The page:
Our first stop was Sooke Potholes Provincial Park. The park’s main feature, as its name implies, are the natural, water-carved potholes along the Sooke River. From our viewpoint in the rainforest above the river, the potholes looked largely inaccessible to swimmers but provided a scenic tableau of tumbling water, twisty turns and rocky drops.
Our second stop was Whiffin Spit, a mile-long, narrow stretch of sand that extends across the mouth of Sooke Harbor, almost cutting it off from the Strait. The spit affords expansive views of open water to one side and the distant harbor to the other.
We capped off the day, our last in Victoria, with dinner at Il Covo Trattoria, an upscale Italian eatery near the entrance to the Inner Harbour. While not quite matching the sophistication of the Empress, it was fancy enough for me to exchange my usual outfit of shorts and a T-shirt for long pants and a collared shirt.
The following morning, from the top deck of the ferry that crosses the Strait several times a day between Victoria and Port Angeles, Washington, I watched the city slowly recede as we pulled away from the dock.
I recorded the scene in my memory: seaplanes taking off and landing in the harbor, boats lining the marina, grand historic buildings. But most of all, the vivid colors of the flowers, the azure sky and the deep navy blue of the water.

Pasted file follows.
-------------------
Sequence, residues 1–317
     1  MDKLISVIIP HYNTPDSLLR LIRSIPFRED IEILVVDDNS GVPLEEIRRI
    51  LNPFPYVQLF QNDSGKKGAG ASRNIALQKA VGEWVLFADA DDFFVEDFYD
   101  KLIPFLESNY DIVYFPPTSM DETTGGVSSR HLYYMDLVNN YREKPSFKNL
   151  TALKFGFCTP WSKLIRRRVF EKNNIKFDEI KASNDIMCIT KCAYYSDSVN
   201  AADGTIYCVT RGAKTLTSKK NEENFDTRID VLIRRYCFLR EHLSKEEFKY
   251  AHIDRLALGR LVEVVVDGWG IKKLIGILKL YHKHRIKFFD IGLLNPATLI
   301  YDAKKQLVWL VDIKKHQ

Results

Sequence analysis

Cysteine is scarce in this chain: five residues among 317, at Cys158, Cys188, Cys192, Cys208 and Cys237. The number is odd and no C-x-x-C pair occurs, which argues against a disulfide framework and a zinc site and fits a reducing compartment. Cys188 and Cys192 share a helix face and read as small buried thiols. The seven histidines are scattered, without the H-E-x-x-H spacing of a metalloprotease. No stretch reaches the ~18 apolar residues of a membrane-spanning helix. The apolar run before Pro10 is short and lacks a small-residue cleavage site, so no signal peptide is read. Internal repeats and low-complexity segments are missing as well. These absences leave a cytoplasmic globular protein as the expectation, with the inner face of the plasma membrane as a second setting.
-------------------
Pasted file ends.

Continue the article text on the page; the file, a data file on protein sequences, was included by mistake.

I may not get back this way again, so the memories will have to do.
If you go
Round-trip, one-stop airfares from local airports are in the $500 range on Alaska Airlines and Air Canada.
If you can afford it, The Fairmont Empress is the best hotel. Its location in the heart of downtown overlooking the Inner Harbour can’t be beat, not to mention the elegant luxury that permeates this grand dame of Victoria. Rates are about $400 a night.
Less pricey but conveniently located hotels include the Magnolia Hotel and Spa, the Victoria Marriott Inner Harbour, and the Victoria Regent Hotel and Suites. Rates are around $300 per night.
Where to eat: In addition to the Block Kitchen and Bar and Il Covo Trattoria, I also recommend the Tapa Bar in historic Trounce Alley for, you guessed it, tapas, and the Jam Café for humongous breakfasts.
For more information, visit tourismvictoria.com.